No, You Can’t Hire A Hacker To Erase You From The Ashley Madison Leak

Some desperate Ashley Madison users hope hired hackers can scrub their names from the leaked database, but experts say that’s not possible.

No, You Can’t Hire A Hacker To Erase You From The Ashley Madison Leak
[Photo: Flickr user Jon Phillips]

Soon after this week’s apparent leak of user data from Ashley Madison, users of the cheating-focused dating site searched frantically for ways to retroactively scrub their accounts from the massive data release.


One listing on the hacker-for-hire marketplace site Hackers List offered to pay up to $2,000 to anyone who could remove account information from the leaked files, which reportedly contain records for up to 36 million users of the site. “For what it is worth, I did not cheat, going through a tough time right now, but this is a wakeup call,” says the listing. “Need a skilled hacker to remove my information from wherever it appears as soon as possible. Please help.”

An anonymous New York Craigslist advertiser claims to be able to remove individual data from the release for a fee, and even Ashley Madison site operator Avid Life Media vowed Tuesday to do its best to undo the effects of the leak, in a statement strongly condemning the hack.

“We are actively monitoring and investigating this situation to determine the validity of any information posted online and will continue to devote significant resources to this effort,” the company said. “Furthermore, we will continue to put forth substantial efforts into removing any information unlawfully released to the public, as well as continuing to operate our business.”

But, say security researchers who’ve analyzed the data and tracked its progress online, it would be impossible at this point for anyone to effectively suppress any of the information found in the leak. “Unfortunately that’s simply not possible – once information has been sufficiently socialised and redistributed (which the Ashley Madison data has certainly been), the exposure is irretrievable,” wrote security researcher Troy Hunt in a Q&A post about the leak. “At this point it is better to focus on damage control – consider the impact of your Ashley Madison membership being known by everyone and what actions you might take in order to minimise the impact (i.e. discussing with a spouse).”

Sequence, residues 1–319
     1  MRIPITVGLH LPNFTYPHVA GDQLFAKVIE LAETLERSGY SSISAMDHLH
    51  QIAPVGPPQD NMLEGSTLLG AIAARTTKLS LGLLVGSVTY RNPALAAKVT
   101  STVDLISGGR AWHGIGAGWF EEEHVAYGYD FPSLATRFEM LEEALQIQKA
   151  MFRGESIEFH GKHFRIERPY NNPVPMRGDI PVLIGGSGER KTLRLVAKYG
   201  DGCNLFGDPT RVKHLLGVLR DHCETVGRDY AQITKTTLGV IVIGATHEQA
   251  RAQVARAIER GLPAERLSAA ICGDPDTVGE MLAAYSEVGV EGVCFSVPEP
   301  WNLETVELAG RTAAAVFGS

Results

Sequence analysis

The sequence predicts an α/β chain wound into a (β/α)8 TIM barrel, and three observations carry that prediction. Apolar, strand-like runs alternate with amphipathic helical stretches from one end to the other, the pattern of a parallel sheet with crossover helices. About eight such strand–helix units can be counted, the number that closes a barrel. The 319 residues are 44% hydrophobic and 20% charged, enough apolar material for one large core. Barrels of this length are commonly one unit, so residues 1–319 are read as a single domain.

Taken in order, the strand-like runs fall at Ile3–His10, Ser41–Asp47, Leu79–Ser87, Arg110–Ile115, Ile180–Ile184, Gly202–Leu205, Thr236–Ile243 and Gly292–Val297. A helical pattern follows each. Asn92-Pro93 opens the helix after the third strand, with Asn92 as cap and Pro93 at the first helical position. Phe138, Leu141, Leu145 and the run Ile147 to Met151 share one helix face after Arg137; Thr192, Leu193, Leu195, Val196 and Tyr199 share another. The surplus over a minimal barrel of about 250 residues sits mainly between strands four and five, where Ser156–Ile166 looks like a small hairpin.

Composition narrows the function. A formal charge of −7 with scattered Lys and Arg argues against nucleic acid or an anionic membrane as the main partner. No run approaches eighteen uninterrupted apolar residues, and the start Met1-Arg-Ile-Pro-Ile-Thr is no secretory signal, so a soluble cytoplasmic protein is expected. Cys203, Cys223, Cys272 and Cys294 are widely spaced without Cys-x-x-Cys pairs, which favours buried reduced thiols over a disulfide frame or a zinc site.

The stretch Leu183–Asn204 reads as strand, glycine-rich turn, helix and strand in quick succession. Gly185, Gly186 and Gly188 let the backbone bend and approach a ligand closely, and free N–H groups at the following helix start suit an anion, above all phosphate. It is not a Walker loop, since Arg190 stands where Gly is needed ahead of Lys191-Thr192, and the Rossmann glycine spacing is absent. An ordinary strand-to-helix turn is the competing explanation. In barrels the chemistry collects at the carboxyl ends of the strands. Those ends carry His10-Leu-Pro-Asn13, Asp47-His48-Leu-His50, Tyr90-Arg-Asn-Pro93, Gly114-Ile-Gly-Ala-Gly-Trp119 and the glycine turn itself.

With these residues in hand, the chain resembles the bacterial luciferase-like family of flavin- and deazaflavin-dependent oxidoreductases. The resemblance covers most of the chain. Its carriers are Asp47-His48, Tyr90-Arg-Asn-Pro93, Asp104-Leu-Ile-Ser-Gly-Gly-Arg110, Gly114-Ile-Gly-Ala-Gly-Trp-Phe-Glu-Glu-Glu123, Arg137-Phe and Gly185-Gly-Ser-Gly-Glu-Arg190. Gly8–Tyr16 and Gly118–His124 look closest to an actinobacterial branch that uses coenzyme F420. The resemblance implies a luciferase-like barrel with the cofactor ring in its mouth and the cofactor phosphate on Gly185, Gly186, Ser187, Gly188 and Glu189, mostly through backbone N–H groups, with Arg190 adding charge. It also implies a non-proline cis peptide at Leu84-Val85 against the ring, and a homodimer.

The 10-gigabyte data dump was initially published Tuesday on a website accessible through Tor, the anonymous browsing tool, and quickly redistributed through the BitTorrent file-sharing network. The leak followed a statement last month by a hacking group called The Impact Team, which threatened to release the data if Avid Life failed to shut down both Ashley Madison and a second dating site called Established Men. The hackers condemned the site’s operators for offering a $19 “full delete” feature, which they say failed to always expunge members’ data from the database.

Security researchers say the released information includes names, email addresses, physical descriptions, and even sexual and romantic preferences provided to the site, along with some records of credit card transactions for paying subscribers. Full credit card numbers apparently weren’t leaked or, says Avid Life, even stored by the company.